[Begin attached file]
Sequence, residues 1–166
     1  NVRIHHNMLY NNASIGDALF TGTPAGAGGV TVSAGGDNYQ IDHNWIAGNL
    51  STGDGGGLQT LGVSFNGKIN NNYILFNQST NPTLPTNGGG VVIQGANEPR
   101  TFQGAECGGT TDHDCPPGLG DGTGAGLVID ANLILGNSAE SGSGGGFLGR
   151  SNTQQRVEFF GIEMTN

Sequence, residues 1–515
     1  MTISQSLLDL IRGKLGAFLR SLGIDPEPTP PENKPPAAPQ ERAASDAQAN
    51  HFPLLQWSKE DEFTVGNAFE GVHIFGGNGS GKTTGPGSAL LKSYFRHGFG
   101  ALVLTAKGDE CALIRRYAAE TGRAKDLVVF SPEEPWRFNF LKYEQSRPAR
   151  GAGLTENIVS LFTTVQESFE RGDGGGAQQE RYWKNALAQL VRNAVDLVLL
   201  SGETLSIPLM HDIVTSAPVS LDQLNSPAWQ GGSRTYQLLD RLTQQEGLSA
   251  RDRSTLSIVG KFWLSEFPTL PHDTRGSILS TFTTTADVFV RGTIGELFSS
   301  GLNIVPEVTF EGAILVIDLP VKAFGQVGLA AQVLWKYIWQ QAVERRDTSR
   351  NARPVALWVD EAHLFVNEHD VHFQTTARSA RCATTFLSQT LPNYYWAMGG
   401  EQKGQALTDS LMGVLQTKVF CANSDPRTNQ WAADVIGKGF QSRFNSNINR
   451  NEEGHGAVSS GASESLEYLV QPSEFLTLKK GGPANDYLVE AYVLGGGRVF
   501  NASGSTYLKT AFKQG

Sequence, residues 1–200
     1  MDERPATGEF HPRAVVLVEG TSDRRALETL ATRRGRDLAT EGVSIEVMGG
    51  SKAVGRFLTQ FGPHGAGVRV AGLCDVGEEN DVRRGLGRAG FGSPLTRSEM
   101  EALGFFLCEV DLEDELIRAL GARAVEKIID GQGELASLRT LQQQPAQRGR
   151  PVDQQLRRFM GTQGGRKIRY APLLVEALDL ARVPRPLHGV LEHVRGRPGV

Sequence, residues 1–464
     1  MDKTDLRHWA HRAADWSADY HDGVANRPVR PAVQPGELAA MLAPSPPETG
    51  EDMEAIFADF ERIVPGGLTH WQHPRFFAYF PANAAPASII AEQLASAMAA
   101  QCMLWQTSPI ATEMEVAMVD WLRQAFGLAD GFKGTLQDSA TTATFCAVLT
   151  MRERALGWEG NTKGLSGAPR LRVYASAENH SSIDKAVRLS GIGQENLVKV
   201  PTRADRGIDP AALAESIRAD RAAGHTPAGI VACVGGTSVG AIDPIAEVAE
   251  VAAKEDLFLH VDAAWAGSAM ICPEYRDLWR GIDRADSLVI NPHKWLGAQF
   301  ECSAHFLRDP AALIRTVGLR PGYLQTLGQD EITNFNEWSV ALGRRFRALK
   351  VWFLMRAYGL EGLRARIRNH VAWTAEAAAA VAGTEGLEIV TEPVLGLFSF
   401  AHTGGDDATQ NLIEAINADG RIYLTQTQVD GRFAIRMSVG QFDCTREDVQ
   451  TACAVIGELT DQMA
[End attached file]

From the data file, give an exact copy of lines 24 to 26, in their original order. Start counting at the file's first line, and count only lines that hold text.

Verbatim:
     1  MDKTDLRHWA HRAADWSADY HDGVANRPVR PAVQPGELAA MLAPSPPETG
    51  EDMEAIFADF ERIVPGGLTH WQHPRFFAYF PANAAPASII AEQLASAMAA
   101  QCMLWQTSPI ATEMEVAMVD WLRQAFGLAD GFKGTLQDSA TTATFCAVLT